Government scraps proposed women's 'community prisons' in new strategy to reduce female offending

Campaigners warn funding offered for community focussed plans is ‘wholly inadequate’

Lizzie Dearden
Home Affairs Correspondent
Tuesday 26 June 2018 20:40
The vast majority of female offenders are handed short sentences that campaigners say drive reoffending
The vast majority of female offenders are handed short sentences that campaigners say drive reoffending

The government has scrapped proposals to create “community prisons” for women as part of a delayed strategy aiming to combat female offending.

The Ministry of Justice (MoJ) had pledged to build and open five new facilities by the end of 2020, claiming they would allow women to be detained closer to home and maintain family links, but met widespread opposition.

The new strategy is moving “emphasis from custody to the community” and trying to bring the female prison population down. “We want to ensure that the public and judiciary have confidence in non-custodial sentences – such as effective community orders – which directly tackle the causes of reoffending, including alcohol or drug abuse,” said the MoJ.

“We will be looking at what more we can do to emphasise that short custodial sentences should be viewed as a last resort.”

Community sentences – such as unpaid work, addiction programmes and rehabilitation activities – have been shown to be cheaper and more effective than imprisonment.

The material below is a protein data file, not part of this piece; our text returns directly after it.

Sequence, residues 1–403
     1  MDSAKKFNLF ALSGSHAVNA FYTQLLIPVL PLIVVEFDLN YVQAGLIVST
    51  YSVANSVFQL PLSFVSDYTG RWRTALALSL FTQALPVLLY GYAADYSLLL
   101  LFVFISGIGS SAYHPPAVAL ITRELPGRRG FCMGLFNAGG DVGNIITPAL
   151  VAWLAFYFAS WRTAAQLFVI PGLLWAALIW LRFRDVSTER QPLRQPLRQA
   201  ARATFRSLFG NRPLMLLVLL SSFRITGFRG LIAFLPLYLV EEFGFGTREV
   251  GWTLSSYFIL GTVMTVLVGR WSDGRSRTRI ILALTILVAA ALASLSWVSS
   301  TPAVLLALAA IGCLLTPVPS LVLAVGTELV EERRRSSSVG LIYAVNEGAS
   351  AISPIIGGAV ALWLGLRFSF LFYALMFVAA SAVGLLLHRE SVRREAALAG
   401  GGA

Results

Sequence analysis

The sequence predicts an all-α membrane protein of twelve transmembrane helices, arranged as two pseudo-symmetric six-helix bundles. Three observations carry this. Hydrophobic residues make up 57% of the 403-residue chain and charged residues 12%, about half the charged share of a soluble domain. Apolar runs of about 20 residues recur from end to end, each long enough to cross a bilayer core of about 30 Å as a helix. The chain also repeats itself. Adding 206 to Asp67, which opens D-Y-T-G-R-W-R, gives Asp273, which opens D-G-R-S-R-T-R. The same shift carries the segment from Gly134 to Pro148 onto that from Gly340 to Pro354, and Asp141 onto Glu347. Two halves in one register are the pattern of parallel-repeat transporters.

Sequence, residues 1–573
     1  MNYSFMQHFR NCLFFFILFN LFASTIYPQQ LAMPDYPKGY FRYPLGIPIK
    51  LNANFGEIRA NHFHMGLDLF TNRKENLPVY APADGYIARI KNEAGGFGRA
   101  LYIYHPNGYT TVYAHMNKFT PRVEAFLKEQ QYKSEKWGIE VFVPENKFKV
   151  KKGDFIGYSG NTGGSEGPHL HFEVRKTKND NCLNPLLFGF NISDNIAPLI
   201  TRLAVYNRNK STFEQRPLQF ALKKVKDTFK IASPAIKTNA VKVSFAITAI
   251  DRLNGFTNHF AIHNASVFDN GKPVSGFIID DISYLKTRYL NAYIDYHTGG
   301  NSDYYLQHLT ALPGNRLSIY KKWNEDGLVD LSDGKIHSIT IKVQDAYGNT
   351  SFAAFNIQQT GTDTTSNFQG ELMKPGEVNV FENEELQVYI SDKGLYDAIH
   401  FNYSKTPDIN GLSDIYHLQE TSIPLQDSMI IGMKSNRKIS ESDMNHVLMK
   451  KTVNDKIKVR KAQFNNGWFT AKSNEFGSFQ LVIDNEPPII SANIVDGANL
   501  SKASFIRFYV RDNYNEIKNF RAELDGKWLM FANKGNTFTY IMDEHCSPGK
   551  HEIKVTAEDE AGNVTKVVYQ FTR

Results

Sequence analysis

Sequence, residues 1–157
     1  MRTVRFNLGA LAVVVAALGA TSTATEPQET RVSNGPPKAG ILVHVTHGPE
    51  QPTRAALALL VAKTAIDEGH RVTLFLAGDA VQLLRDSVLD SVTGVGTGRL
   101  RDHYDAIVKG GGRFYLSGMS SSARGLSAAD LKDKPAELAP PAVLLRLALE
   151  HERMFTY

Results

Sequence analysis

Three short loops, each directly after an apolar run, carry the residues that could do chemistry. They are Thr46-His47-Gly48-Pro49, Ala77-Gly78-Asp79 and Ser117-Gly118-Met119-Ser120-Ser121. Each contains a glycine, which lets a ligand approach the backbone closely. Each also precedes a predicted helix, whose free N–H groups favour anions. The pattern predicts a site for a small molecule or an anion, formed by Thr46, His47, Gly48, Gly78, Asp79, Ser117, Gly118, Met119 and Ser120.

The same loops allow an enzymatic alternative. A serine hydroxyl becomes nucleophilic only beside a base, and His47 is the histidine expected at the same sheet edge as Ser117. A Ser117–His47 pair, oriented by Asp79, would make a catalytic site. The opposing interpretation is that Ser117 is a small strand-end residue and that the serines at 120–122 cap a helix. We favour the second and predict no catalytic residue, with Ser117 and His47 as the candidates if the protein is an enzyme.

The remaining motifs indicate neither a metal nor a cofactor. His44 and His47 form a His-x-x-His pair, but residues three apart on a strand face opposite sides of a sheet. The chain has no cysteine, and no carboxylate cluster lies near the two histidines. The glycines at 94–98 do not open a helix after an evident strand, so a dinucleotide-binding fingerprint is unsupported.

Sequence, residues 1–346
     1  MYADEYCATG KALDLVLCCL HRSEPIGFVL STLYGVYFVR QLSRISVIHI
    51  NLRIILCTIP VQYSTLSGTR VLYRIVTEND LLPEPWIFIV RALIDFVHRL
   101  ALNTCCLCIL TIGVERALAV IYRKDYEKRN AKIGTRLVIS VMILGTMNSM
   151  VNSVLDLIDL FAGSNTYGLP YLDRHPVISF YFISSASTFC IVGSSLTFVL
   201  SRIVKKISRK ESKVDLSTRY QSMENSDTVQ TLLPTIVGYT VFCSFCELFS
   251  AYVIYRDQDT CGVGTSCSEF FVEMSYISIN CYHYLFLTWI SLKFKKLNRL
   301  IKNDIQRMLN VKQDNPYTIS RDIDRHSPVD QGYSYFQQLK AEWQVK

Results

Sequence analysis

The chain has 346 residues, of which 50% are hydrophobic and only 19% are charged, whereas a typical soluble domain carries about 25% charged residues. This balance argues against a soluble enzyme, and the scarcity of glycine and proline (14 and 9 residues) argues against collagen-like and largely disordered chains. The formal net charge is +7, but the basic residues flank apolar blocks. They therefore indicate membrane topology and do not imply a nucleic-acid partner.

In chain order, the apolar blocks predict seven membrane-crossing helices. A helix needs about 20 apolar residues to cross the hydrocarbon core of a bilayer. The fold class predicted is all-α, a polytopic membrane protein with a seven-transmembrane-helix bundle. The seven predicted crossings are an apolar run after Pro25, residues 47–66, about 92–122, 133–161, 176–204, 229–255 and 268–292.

But judges have lost confidence in the private companies charged with enforcing them by Conservative-led reforms that were branded a “mess” by MPs last week.

A Justice Committee report said convicts were being made to carry out “meaningless” unpaid work like moving mud from one pile to another in graveyards, or turning up to placements and finding no one there.

But the Ministry of Justice’s female offenders strategy, originally supposed to be published in early 2017, has put a focus on non-custodial sentences and community services.

David Gauke describes shocking videos emerging from UK prisons

Instead of women’s prisons, the government is to pilot five new residential women’s centres providing stable accommodation while they complete court orders and access to education, training and support.

The government cited statistics showing almost 60 per cent of female offenders have experienced domestic abuse – an estimated 24 to 31 per cent have dependent children and those in jail or on probation are more than twice as likely to suffer mental health issues as men.

Almost half of all female prisoners in England and Wales say they committed their offence to support the drug use of someone else, the Ministry of Justice said, while many more are substance abusers themselves.

The estimated annual cost of female offending is around £1.7bn, while 71 per cent of women jailed for under a year, and 56 per cent of all female convicts, go on to commit more crime.

There are currently more than 3,800 women in prisons in England and Wales, making up 4.7 per cent of the overall population.

“Evidence clearly shows that putting women into prison can do more harm than good for society, failing to cut the cycle of reoffending and often exacerbating already difficult family circumstances,” said David Gauke, the justice secretary.